The route heads along the Parkgate Parade and then follows a section of the Wirral Way cycling and walking trail. It's a flat, easy walk with great views of the village parade on the coastal section and lots of wild flowers and butterflies along the disused railway line.
To extend your walk you can head north along the Wirral Way to Wirral Country Park for more great views across the estuary. View Full Details>>
|Port Sunlight||3 miles (5 km)||This fascinating model village on the Wirral Peninsula has a number of Grade I listed buildings and a delightful riverside park. Port Sunlight was built by Lever Brothers to accommodate workers in its soap factory in 1888. |
In the centre of the village you can enjoy a walk along the lovely George's Drive where there's fountains, a lake, pretty gardens and a hugely impressive war memorial. After exploring the village head east to the splendid riverside park. The park includes nice surfaced footpaths with a small lake, the River Dibbin and great views across the River Mersey to the city of Liverpool.
You can start your walk from one of the car parks near the garden centre on Jubilee Crescent. Then head north to the Lady Lever art gallery passing through the gardens where you will find the war memorial and the Diamond Jubilee Sundial. It's then a short walk east to the riverside park.
You could also start your walk from Port Sunlight Train station which is close to the garden centre.
The long distance Wirral Circular Trail passes the village so you could pick this up to extend your walking in the Birkenhead area. If you head south along the Eastham Channel it will take you to Eastham Country Park where you will find 100 acres of broadleaved woodland with surfaced walking paths and a cycle track.
Use the google street view link below to virtually explore the centre of the village. View Full Details>>
|Rimrose Valley Country Park||3 miles (4.5 km)||This pretty park in Crosby sits by the side of the Leeds Liverpool Canal and includes the delightful Brookvale Local Nature Reserve. The park is made up of wetland and dryer grassy areas with an abundance of birdlife including Snipe, Water Rail, Woodcock, Dunnock, Common Whitethroat and Blackcap. It's an ideal place for a peaceful, waterside walk. View Full Details>>|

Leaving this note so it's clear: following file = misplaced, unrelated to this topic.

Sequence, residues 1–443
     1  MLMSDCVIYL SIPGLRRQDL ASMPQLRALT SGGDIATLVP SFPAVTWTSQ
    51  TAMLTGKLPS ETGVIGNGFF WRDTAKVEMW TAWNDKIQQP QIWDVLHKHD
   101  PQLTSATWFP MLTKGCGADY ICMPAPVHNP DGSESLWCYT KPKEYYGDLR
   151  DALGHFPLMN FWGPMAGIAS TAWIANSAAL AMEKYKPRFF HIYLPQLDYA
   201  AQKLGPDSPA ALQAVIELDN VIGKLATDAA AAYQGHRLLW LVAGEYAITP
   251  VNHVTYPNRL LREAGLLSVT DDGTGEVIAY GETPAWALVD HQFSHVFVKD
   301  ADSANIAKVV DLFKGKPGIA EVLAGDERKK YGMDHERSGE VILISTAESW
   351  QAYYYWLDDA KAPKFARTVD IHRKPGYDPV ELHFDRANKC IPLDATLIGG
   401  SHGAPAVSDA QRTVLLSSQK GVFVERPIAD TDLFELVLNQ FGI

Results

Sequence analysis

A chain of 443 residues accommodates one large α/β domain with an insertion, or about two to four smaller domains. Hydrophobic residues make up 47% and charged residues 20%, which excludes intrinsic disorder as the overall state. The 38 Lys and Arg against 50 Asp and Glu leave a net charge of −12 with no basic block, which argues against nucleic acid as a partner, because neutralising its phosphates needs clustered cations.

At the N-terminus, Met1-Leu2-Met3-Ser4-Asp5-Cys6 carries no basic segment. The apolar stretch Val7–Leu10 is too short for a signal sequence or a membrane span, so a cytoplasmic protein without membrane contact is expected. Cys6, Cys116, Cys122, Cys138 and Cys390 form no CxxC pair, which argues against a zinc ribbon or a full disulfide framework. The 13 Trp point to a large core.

|Royden Park||2 miles (4 km)||Enjoy a peaceful stroll through Royden Park and Thurstaston Common on this lovely walk in the Wirral. There are many trails taking you past deciduous and conifer woodlands, meadows, heathland and the two meres where you will find an abundance of birdlife. There is also an excellent miniature railway which is very popular in the holidays.|
You can also climb Thurstaston Hill where there are fabulous views of the River Dee estuary. The hill is also the location of Thor's Stone, a large sandstone outcrop. It is thought that early Viking settlers held religious ceremonies on the site.
Less than a mile west of the park you will find the lovely Caldy Hill. This large area of heathland and woodland is a great place to extend your walking.
Also nearby is the splendid Wirral Country Park and the long distance Wirral Way. View Full Details>>
|Sefton Coastal Footpath||21 miles (34 km)||This wonderful walk takes you from Crosby to Southport along the beautiful Sefton coastline.|
The walk starts at Waterloo station in Crosby and heads to the coast via Crosby Marine Lake. You then head north to Hightown through the Dunes, passing the fascinating Another Place Sculptures on Crosby Beach. The Anthony Gormley piece was created in 1997, consisting of 100 cast iron figures facing towards the sea. The figures are modelled on the artist's own naked body which has caused some controversy. As the tides ebb and flow, the figures are revealed and submerged by the sea.
The next section takes you to Formby where you will enter the captivating Ainsdale National Nature Reserve. This is a well known spot for spotting the Natterjack Toad in the fabulous scenery of dunes, pinewoods and golden sand. Also look out for Red Squirrels, sand lizards and great-crested newts on this fantastic section of the walk.
The final section of the walk takes you past Royal Birkdale Golf course (home of the Open) and onto the lovely seaside town of Southport with its magnificent pier. The path comes to end shortly after at Crossens. View Full Details>>